Wednesday, March 29, 2017

Low Real Interest Rates and Monetary Policy

That real rates of return on government debt are at historical lows is well-established. Of course, the anticipated real rate of return on government debt - which is what matters for economic behavior - is unobservable, and that's problematic. Typically, macroeconomists resort to proxy measures as a starting point for addressing issues related to low real interest rates. For example, we could use the current twelve-month measured inflation rate as a proxy for anticipated inflation, and subtract that from some observed nominal interest rate to get a crude measure of the real interest rate. Like this, for example:
The chart shows the three-month US T-bill rate, minus the 12-month pce inflation rate. As you can see, it's not like we have never seen real rates of interest (by this measure) as low, but short-term real interest rates have never been as persistently low, at least in the post-1960 sample.

Typically, though, when low real interest rates are discussed in policy circles, the discussion does not revolve so much around actual real rates of interest, but some other real interest rate concept. And there are several such concepts, which is bound to make things confusing, if not totally impenetrable. Let's try to sort this out.

(1) The natural real rate of interest: For the average macroeconomist, this measure is well-defined, though not necessarily useful. The natural real rate of interest, or Wicksellian natural rate is the real interest rate in a New Keynesian (NK) macroeconomic model, if we remove all wage and price stickiness. For simplicity, early NK models were built so as to leave out all sources of inefficiency, except for wage stickiness (sometimes) and price stickiness (usually). These models may have efficiency loss due to monopolistic competition, but that's a by-product of the approach to price stickiness. So, essentially, the natural real rate of interest is the real rate of interest in the underlying real business cycle model with flexible wages and prices. Why am I saying this concept is "not necessarily useful?" First, while there is some complacency among NK practitioners that NK is all we need to think about in understanding monetary policy, that's a dangerous idea. The basic model has many faults, not least of which is that it neglects the essential details of monetary policy - assets actually play no role in the model, in that there is no central bank balance sheet, no open market operations, no banks, no role for credit, for money, etc. Second, the baseline NK model cannot explain why the natural real rate of interest might be low. For example, low-real-interest-rate NK macroeconomics, such as Eggertsson and Woodford's work or Werning's, typically assumes the real interest rate is low because the subjective discount factor is high. That is, the low natural rate results from a contagious attack of patience. As is well-known, preference shock "explanations" for economic phenomena aren't helpful. If you like explaining the financial crisis as a contagious attack of laziness accompanied by an increased dislike for some assets and an infatuation with some other assets, most people aren't going to listen to you - and those that do listen shouldn't. I think some NK practitioners think of the high discount factor as a stand-in for something else. If so, it would be more useful to develop explicitly what that something else is.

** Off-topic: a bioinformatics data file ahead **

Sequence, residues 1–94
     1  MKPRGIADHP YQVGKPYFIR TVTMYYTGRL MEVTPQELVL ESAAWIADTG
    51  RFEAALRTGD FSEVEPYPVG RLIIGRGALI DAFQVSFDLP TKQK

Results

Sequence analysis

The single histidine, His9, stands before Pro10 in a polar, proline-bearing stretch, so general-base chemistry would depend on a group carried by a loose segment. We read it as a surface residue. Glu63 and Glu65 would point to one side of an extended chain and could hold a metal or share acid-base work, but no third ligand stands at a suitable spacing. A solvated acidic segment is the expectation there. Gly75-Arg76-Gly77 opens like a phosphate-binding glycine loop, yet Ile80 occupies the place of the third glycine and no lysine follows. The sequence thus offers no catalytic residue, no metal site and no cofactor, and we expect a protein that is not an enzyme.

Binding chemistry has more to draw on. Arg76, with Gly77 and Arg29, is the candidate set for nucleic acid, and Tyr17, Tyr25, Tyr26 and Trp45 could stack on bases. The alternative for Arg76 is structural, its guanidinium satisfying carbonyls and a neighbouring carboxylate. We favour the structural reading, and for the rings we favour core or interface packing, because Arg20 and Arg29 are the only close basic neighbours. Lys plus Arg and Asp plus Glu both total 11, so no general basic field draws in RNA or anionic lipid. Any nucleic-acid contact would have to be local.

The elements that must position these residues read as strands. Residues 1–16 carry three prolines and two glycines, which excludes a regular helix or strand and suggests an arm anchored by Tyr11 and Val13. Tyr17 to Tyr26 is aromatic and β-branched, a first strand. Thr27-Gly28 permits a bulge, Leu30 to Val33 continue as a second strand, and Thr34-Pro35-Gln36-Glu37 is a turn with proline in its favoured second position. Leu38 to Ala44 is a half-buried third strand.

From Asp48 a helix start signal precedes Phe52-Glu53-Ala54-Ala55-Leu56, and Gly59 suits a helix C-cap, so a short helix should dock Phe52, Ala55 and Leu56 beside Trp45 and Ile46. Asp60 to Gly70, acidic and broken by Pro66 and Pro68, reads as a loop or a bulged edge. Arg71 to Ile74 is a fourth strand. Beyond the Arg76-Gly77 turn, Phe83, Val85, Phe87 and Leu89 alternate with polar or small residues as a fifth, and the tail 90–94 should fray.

(2) The equilibrium real interest rate: I'll let Ben Bernanke explain this one: helps to introduce the concept of the equilibrium real interest rate (sometimes called the Wicksellian interest rate, after the late-nineteenth- and early twentieth-century Swedish economist Knut Wicksell). The equilibrium interest rate is the real interest rate consistent with full employment of labor and capital resources, perhaps after some period of adjustment. Many factors affect the equilibrium rate, which can and does change over time. In a rapidly growing, dynamic economy, we would expect the equilibrium interest rate to be high, all else equal, reflecting the high prospective return on capital investments. In a slowly growing or recessionary economy, the equilibrium real rate is likely to be low, since investment opportunities are limited and relatively unprofitable. Government spending and taxation policies also affect the equilibrium real rate: Large deficits will tend to increase the equilibrium real rate (again, all else equal), because government borrowing diverts savings away from private investment.
This is where the confusion starts. Bernanke tells us this is a synonym for the "Wicksellian interest rate," suggesting that the "equilibrium rate" is the same as the "natural rate." And he says that the equilibrium real interest rate is the "rate consistent with full employment of labor and capital resources," which would tend to steer the reader in the direction of thinking this is an NK natural rate of interest. But, the remainder of the paragraph appears to describe what happens in an IS-LM model, so Bernanke is mixing theories - never a recipe for clarity. Further, "equilibrium real interest rate" is bad language for describing the natural rate of interest in the NK model, as the sticky-prices-and-wages real interest rate is in fact an equilibrium real interest rate - but it's a non-standard equilibrium concept.

(3) The neutral real interest rate: Janet Yellen covered this one in a recent speech:
Gauging the current stance of monetary policy requires arriving at a judgment of what would constitute a neutral policy stance at a given time. A useful concept in this regard is the neutral "real" federal funds rate, defined as the level of the federal funds rate that, when adjusted for inflation, is neither expansionary nor contractionary when the economy is operating near its potential. In effect, a "neutral" policy stance is one where monetary policy neither has its foot on the brake nor is pressing down on the accelerator. Although the concept of the neutral real federal funds rate is exceptionally useful in assessing policy, it is difficult in practical terms to know with precision where that rate stands. As a result, and as I described in a recent speech, my colleagues and I consider a wide range of information when assessing that rate. As I will discuss, our assessments of the neutral rate have significantly shifted down over the past few years.